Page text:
Recall language was approved against Snyder on April 9, 2012. It focused on his spending cuts that affected education, support for the emergency manager law, as well as a number of other issues.[75][76][77][78][79]

The group behind the effort, Michigan Rising, announced on June 7, 2012 that they were ending the campaign after the failed recall of Wisconsin Governor Scott Walker (R) made it clear how difficult their goal would be.[80][81]

In order to force a recall, organizers would have had to collect 806,522 valid signatures, which accounted for 25 percent of the votes cast in the 2010 gubernatorial election, within a 90-day period.[82][83][84]

See also: Rick Snyder recall, Michigan (2011)

Following his support for giving expanding powers to officials designated as emergency managers for financially insolvent municipalities and limiting the collective bargaining rights for public employees, Snyder became the target of a recall spearheaded by a consortium of center-left activism groups.[85]

They began raising money and holding public events in late spring of 2011 and soon began collecting the nearly 1 million signatures they would need by July 1, 2011.

Early on, the chance that Snyder would be recalled were slim - something even those working to oust the governor conceded.

Organizers fell far short of their goal of 807,000 signatures by August 5 in order to get the measure on the November 8 ballot. Committee to Recall Rick Snyder communication director Tom Bryant said they would aim for a September 29 deadline to put it on a February 2012 ballot.[86]

On September 30, 2011, the group announced that it would fall short of its attempt to get on the February 2012 ballot.[87]


September 2013 NYC event

Six of the Republican Party’s leaders and potential 2016 nominees will jointly headline a fundraiser for the Republican National Committee (RNC) in New York in September 2013.

According to an invitation that went out August 26, 2013, RNC Chairman Reince Priebus and Jets owner Woody Johnson will host the event September 23, 2013.[88] It will be held at Johnson’s home.[88]

It is a dinner and reception with New Jersey Gov. Chris Christie, Senators Marco Rubio and Rand Paul and Wisconsin Gov. Scott Walker, as well as Gov. Snyder and Rep. Paul Ryan, who are listed as the “special guests.”[88]

It represents a major force of star power at a single event on behalf of the party and it features some of the party’s brightest future talent, many of whom represent different wings of the GOP.[88]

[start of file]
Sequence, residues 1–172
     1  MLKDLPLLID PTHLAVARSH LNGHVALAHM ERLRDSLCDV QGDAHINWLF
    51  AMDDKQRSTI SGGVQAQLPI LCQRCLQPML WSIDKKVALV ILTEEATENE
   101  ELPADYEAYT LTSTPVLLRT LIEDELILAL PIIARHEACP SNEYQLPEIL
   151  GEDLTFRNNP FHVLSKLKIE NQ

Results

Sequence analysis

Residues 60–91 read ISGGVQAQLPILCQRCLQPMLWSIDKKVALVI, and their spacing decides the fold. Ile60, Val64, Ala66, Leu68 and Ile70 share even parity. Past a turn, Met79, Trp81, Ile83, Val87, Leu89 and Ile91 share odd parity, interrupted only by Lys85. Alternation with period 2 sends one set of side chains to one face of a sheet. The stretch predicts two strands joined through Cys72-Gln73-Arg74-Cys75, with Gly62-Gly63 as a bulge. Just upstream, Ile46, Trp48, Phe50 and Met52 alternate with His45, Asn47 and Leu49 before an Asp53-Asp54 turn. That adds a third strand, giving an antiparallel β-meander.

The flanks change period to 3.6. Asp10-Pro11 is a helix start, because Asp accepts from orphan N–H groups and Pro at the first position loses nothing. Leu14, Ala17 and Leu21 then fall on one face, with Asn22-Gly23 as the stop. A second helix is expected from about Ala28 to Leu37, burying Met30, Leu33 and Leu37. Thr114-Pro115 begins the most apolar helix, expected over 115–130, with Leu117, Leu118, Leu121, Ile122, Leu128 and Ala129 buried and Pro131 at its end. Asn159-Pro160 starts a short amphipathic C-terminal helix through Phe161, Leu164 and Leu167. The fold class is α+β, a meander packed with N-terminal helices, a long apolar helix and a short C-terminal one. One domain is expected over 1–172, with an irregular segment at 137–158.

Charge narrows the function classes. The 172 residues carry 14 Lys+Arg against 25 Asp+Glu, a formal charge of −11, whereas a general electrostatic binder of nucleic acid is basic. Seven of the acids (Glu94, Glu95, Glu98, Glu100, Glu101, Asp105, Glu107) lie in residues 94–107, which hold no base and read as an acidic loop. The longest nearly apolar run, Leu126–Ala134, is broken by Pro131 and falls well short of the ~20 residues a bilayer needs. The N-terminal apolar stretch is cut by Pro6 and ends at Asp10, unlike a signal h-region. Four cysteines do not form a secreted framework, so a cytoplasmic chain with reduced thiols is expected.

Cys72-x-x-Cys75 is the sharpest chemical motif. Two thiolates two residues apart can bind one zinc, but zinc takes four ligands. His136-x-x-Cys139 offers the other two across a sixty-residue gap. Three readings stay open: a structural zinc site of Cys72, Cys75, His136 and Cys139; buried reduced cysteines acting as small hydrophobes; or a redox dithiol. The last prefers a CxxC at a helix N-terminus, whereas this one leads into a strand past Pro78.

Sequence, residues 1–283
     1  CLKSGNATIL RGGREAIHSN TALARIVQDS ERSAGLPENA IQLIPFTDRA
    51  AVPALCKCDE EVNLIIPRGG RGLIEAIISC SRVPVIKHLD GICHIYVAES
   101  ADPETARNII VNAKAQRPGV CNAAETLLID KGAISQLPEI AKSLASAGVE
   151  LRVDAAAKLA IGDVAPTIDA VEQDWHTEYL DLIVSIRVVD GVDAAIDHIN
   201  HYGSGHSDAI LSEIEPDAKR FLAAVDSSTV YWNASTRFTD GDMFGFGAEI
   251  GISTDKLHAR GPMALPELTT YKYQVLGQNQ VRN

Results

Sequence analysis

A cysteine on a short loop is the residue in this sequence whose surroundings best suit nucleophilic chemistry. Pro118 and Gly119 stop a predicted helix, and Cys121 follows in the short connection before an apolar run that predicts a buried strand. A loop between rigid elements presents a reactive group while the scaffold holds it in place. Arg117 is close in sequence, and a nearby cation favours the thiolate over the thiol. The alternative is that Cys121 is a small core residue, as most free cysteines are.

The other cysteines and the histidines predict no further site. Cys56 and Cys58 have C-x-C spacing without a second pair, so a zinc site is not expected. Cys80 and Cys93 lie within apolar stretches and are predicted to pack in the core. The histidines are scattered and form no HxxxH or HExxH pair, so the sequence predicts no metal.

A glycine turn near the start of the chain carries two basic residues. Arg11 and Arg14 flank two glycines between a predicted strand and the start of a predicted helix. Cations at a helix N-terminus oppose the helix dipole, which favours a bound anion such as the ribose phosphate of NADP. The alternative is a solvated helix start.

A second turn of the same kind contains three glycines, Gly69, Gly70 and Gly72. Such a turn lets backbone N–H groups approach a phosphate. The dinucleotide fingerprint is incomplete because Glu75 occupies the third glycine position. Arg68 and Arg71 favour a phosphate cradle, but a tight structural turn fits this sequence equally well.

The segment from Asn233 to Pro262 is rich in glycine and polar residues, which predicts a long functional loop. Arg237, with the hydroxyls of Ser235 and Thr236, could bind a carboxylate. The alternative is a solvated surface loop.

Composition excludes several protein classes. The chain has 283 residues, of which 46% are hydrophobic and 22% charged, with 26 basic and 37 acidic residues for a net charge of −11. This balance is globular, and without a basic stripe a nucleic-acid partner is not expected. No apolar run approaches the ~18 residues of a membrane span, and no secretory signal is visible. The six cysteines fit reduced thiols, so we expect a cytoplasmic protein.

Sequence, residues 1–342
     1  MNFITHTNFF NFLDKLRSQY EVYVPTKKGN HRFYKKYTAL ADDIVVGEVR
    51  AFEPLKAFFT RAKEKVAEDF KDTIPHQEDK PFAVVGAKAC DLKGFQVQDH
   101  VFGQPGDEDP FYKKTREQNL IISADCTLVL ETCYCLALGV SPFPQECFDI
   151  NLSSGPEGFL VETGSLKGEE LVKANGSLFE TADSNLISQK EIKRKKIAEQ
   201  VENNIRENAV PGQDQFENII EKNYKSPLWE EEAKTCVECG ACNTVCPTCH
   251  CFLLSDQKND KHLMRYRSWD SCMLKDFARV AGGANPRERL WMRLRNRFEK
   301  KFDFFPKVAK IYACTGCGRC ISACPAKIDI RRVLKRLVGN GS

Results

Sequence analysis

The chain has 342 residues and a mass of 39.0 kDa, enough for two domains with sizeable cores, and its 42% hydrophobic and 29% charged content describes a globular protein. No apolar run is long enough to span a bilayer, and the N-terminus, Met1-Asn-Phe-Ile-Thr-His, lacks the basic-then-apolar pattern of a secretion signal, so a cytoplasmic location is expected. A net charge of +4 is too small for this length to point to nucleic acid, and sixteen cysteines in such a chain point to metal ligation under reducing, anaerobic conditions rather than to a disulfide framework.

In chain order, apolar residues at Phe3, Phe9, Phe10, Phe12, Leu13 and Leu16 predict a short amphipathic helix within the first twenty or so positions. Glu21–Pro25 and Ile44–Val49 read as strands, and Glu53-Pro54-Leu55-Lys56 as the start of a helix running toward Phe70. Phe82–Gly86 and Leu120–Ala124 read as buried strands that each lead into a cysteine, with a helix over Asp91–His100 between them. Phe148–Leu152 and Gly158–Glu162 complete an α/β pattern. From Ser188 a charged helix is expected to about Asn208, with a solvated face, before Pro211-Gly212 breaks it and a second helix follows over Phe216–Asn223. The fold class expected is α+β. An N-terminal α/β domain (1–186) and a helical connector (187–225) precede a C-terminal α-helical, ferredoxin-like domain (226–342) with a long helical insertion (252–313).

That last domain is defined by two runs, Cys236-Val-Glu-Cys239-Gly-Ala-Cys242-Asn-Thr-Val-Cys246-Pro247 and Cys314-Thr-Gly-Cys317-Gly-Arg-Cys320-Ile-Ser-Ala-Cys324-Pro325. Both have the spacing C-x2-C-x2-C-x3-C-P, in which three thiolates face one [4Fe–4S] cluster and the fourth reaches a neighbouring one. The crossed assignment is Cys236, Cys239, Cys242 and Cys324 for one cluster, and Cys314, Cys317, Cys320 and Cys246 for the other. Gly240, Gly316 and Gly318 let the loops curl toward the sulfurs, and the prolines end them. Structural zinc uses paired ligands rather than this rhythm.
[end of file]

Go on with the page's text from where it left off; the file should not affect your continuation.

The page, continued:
Presidential preference


See also: Endorsements by state officials of presidential candidates in the 2012 election

Rick Snyder endorsed Mitt Romney in the 2012 presidential election. [89][90][91][92][93][94]

Snyder said of Romney, “He has a great combination of private sector experience, of knowing what it takes to create a job, and how difficult that is, how to succeed in the private sector. He also brings that experience of being the chief executive of a state, of understanding what it is to be in the public sector, and to be successful in running a state. That’s the experience we need in Washington.”[95][96][97][98][99]

On The Issues Vote Match

Rick Snyder's Vote Match results from On The Issues.
See also: On The Issues Vote Match

On The Issues conducts a VoteMatch analysis of elected officials based on 20 issue areas. Rather than relying on incumbents to complete the quiz themselves, the VoteMatch analysis is conducted using voting records, statements to the media, debate transcripts or citations from books authored by or about the candidate. Based on the results of the quiz, Snyder is a Moderate Conservative. Snyder received a score of 38 percent on social issues and 68 percent on economic issues.[100]

On The Issues organization logo.

The table below contains the results of analysis compiled by staff at On The Issues.

On The Issues Vote Quiz[101]
Economic Issues Social Issues
Issue Stance Issue Stance
Legally require hiring women & minorities Strongly Opposes Abortion is a woman's unrestricted right Opposes
Expand ObamaCare Opposes Comfortable with same-sex marriage Favors
Vouchers for school choice Favors Keep God in the public sphere Unknown
Absolute right to gun ownership Strongly Favors Human needs over animal rights Strongly Opposes
Higher taxes on the wealthy Strongly Opposes Stricter punishment reduces crime Favors
Support & expand free trade Strongly Favors Pathway to citizenship for illegal aliens Strongly Favors
Stricter limits on political campaign funds Favors Maintain US sovereignty from UN Unknown
Prioritize green energy Unknown Expand the military Favors
Stimulus better than market-led recovery Strongly Favors Stay out of Iran Unknown
Privatize Social Security Opposes Never legalize marijuana Favors
Note: Information last updated: April 19, 2015.[100] If you notice the rating has changed, email us.



See also: Michigan gubernatorial election, 2014

Snyder ran for re-election in 2014. He entered the race on April 17, 2014, less than a week before the candidate filing deadline. Snyder was unopposed in the Republican primary election on August 5, 2014.[1] He faced Mark Schauer ((D), Mary Buzuma (L), Mark McFarlin (I) and Paul Homeniuk (G) in the general election. The general election took place November 4, 2014.


Governor and Lieutenant Governor of Michigan, 2014
Party Candidate Vote % Votes
     Republican Green check mark transparent.pngRick Snyder/Brian Calley Incumbent 50.9% 1,607,399
     Democratic Mark Schauer/Lisa Brown 46.9% 1,479,057